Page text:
Tuesday, February 13, 2018

Two steps forward, one step back... with white.

I know I've been quiet, but I have been busy.

Here's what I've been up to:

  • Painting furiously with white - specifically white roses. That's what this post is about.
  • Investigating ways to re-use old painting panels (paintings that didn't work out or that I have progressed from). I'll leave the details of this for another post.

A neighbour asked me if I would paint a white rose for her. I was happy to oblige since white is something I really want to get to grips with. I figured I'd paint a bunch, let her choose the one she liked and sell the rest or use them for reference.

I initially painted maybe 7 roses, all on small panels. Some of them didn't work. Here are some of the more successful ones:

By the time I finished the last one I'd been looking at paintings of white roses by other artists - some good but a lot of them bad - white is HARD to do! The difficulty is, what color do you make the shadows while keeping the flower still looking white - and the answer I can tell you is not grey! - you just end up with a rose that looks like mud and not looking like a flower at all. White reflects many colours and the shadows can end up very dark - but how dark do you go?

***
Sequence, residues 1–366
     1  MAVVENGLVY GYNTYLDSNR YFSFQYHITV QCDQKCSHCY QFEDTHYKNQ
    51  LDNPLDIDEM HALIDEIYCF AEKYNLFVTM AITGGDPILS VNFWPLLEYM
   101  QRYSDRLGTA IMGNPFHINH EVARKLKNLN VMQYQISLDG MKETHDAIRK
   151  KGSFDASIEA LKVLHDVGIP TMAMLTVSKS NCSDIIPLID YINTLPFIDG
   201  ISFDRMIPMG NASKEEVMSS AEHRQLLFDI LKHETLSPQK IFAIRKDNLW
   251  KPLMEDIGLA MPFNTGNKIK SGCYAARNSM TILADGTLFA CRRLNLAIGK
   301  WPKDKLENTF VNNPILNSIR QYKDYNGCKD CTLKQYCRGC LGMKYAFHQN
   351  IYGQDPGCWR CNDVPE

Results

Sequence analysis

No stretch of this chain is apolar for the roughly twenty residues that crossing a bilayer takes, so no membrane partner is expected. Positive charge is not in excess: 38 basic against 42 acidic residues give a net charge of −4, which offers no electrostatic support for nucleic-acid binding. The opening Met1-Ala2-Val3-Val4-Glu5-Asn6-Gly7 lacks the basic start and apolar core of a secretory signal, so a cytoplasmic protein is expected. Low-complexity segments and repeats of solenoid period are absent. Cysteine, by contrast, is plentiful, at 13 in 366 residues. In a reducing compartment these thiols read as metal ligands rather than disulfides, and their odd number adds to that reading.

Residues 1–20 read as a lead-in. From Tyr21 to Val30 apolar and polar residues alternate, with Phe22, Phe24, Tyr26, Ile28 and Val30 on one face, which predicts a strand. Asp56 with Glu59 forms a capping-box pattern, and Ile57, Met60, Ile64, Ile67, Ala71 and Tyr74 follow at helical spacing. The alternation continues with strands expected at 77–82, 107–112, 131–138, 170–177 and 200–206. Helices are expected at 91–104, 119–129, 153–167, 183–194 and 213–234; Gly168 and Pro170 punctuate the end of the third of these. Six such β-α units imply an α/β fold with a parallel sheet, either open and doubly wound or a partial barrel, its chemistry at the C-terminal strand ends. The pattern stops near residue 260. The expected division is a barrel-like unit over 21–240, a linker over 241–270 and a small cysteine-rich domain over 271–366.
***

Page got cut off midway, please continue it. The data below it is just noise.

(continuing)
This morning it dawned on me that I have an IKEA canvas with a photo of a white rose on it.
I decided to copy part of it on paper and make notes about the colors I had mixed directly on the drawing.

I made a very loose sketch with burnt umber on a pad of oil paper (made by Arches) and proceeded to fill it it.
My intention had been to just paint part of it and make notes on the paper as I went.
BUT it was going so well, I just ended up painting in the whole thing!

I shocked even myself how close I got the colors and how good the painting was!

Now here's the part where I get to 'two steps forward, one step back'...

For this painting I had read somewhere that zinc white is semi transparent and good for mixing. I had a little tube of zinc white and decided to give it a go. It mixed so much better than my standard Titanium white!
I put the success of this painting down to:
1. Painting with zinc white
2. Painting large and with a big brush
3. The simplicity of the shapes
4. Using a large reference photo to really be able to focus on and narrow down the values and colors.

So then just as I was about to order a large tube of zinc white, I did a little further research...
Zinc white apparently dries extremely brittle - so brittle that if you paint with it on canvas, the paint can crack like glass once dried. So you cannot use it on canvas basically (it's better on board or wood but still not entirely reliable) . Since I do intend doing some larger paintings on canvas, there seems no point pursuing any further use of painting where the predominant base color is based on zinc.

So then I spent the rest of the day researching other whites to see what I could use as a good alternative. I also wrote to Gamblin who have been helpful in the past.

I have ordered some other alternative whites to see if I can achieve the same success with those.

No comments:

Post a Comment